Australia’s largest flying reptile has been uncovered, a pterosaur with an estimated seven-metre wingspan that soared like a dragon above the ancient, vast inland sea once covering much of outback Queensland.
University of Queensland PhD candidate Tim Richards, from the Dinosaur Lab in UQ’s School of Biological Sciences, led a research team that analysed a fossil of the creature’s jaw, discovered on Wanamara Country, near Richmond in North West Queensland.
“It’s the closest thing we have to a real life dragon,” Mr Richards said.
“The new pterosaur, which we named Thapunngaka shawi, would have been a fearsome beast, with a spear-like mouth and a wingspan around seven metres.
“It was essentially just a skull with a long neck, bolted on a pair of long wings.
“This thing would have been quite savage.
“It would have cast a great shadow over some quivering little dinosaur that wouldn’t have heard it until it was too late.”
Mr Richards said the skull alone would have been just over one metre long, containing around 40 teeth, perfectly suited to grasping the many fishes known to inhabit Queensland’s no-longer-existent Eromanga Sea.
“It’s tempting to think it may have swooped like a magpie during mating season, making your local magpie swoop look pretty trivial – no amount of zip ties would have saved you.
“Though, to be clear, it was nothing like a bird, or even a bat – Pterosaurs were a successful and diverse group of reptiles – the very first back-boned animals to take a stab at powered flight.”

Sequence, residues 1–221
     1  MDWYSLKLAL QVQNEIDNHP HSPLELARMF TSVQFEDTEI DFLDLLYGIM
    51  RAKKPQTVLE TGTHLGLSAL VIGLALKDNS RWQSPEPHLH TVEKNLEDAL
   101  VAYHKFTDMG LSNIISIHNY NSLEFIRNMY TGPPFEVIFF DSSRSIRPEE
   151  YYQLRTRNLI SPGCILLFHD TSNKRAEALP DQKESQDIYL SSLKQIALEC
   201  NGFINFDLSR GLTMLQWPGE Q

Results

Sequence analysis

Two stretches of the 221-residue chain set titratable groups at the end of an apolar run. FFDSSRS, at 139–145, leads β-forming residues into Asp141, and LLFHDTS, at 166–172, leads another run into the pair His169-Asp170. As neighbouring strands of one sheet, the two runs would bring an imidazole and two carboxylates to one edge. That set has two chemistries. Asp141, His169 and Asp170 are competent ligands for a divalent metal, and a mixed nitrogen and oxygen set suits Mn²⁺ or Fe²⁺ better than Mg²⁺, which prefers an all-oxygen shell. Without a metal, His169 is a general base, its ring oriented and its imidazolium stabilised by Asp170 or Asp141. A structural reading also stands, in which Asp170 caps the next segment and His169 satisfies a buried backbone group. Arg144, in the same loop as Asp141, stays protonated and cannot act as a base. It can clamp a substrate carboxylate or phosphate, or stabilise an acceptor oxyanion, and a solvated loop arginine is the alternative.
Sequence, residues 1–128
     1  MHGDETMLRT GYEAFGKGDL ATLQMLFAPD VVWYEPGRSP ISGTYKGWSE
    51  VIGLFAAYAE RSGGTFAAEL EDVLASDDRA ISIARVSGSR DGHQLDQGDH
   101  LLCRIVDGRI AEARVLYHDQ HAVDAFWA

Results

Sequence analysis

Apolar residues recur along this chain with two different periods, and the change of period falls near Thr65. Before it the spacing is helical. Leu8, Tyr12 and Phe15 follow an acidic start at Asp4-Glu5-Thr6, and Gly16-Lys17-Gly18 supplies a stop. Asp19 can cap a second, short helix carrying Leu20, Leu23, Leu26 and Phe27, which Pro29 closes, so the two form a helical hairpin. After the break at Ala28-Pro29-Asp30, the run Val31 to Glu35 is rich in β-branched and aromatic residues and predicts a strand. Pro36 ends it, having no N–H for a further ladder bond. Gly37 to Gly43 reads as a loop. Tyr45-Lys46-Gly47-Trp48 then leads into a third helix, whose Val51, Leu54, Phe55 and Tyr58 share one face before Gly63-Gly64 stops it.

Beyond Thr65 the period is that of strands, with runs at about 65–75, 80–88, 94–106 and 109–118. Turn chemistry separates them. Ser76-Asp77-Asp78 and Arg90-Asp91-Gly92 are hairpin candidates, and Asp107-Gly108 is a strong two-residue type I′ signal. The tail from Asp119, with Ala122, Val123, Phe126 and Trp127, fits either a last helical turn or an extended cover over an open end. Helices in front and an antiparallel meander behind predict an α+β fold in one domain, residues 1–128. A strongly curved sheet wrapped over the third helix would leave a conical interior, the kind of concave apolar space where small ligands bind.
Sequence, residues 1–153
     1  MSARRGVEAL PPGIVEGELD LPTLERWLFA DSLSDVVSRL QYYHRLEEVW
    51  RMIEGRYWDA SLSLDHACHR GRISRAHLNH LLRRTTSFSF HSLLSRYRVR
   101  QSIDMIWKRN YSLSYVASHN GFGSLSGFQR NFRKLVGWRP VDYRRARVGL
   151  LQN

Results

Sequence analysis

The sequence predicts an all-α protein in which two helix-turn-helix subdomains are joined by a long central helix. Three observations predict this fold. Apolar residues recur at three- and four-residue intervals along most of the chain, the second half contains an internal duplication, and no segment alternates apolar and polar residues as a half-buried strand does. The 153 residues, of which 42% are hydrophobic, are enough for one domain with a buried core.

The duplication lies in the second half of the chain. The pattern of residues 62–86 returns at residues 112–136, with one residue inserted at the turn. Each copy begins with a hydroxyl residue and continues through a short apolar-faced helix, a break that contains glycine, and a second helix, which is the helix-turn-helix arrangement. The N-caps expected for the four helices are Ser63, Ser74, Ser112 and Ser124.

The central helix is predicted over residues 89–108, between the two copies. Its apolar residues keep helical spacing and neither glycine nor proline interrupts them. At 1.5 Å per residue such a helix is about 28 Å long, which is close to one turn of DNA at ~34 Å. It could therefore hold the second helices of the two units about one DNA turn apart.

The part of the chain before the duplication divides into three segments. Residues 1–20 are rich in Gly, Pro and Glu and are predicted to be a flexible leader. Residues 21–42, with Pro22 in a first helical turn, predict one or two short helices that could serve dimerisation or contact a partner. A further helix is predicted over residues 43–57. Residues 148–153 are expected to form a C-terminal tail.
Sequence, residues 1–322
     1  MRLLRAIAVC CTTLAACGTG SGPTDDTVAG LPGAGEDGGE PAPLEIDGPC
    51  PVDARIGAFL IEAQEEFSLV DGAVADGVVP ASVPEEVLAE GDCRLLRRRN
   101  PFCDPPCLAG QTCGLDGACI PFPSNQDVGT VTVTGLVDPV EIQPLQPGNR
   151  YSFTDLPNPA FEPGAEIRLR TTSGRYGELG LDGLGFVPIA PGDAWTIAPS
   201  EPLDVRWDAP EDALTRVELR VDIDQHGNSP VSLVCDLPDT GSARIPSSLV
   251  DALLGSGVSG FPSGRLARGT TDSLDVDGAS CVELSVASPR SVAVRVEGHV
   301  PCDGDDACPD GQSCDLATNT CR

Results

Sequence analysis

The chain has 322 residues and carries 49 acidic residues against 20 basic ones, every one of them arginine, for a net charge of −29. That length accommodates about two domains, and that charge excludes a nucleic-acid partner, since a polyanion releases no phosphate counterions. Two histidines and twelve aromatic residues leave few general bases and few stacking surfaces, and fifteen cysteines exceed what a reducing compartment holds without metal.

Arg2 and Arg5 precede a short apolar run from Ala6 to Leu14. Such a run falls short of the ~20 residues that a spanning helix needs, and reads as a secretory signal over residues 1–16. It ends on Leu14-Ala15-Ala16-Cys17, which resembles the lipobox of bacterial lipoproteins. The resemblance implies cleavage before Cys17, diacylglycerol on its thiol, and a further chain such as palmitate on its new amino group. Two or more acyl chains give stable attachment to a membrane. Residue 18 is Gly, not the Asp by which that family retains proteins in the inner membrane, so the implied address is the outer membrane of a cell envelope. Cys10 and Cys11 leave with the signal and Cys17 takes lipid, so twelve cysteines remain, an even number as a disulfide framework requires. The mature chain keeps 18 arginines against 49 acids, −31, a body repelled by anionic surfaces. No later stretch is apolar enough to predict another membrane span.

The new species belonged to a group of pterosaurs known as anhanguerians, which inhabited every continent during the latter part of the Age of Dinosaurs.
Being perfectly adapted to powered flight, pterosaurs had thin-walled and relatively hollow bones.
Given these adaptations their fossilised remains are rare and often poorly preserved.
“It’s quite amazing fossils of these animals exist at all,” Mr Richards said.
“By world standards, the Australian pterosaur record is poor, but the discovery of Thapunngaka contributes greatly to our understanding of Australian pterosaur diversity.”
It is only the third species of anhanguerian pterosaur known from Australia, with all three species hailing from western Queensland.
Dr Steve Salisbury, co-author on the paper and Mr Richard’s PhD supervisor, said what was particularly striking about this new species of anhanguerian was the massive size of the bony crest on its lower jaw, which it presumably had on the upper jaw as well.
“These crests probably played a role in the flight dynamics of these creatures, and hopefully future research will deliver more definitive answers,” Dr Salisbury said.
The fossil was found in a quarry just northwest of Richmond in June 2011 by Len Shaw, a local fossicker who has been ‘scratching around’ in the area for decades.
The name of the new species honours the First Nations peoples of the Richmond area where the fossil was found, incorporating words from the now-extinct language of the Wanamara Nation.
“The genus name, Thapunngaka, incorporates thapun [ta-boon] and ngaka [nga-ga], the Wanamara words for ‘spear’ and ‘mouth’, respectively,” Dr Salisbury said.
“The species name, shawi, honours the fossil’s discoverer Len Shaw, so the name means ‘Shaw’s spear mouth’.”
The fossil of Thapunngaka shawi is on display at Kronosaurus Korner in Richmond.
The research has been published in the Journal of Vertebrate Paleontology (DOI: 10.1080/02724634.2021.1946068).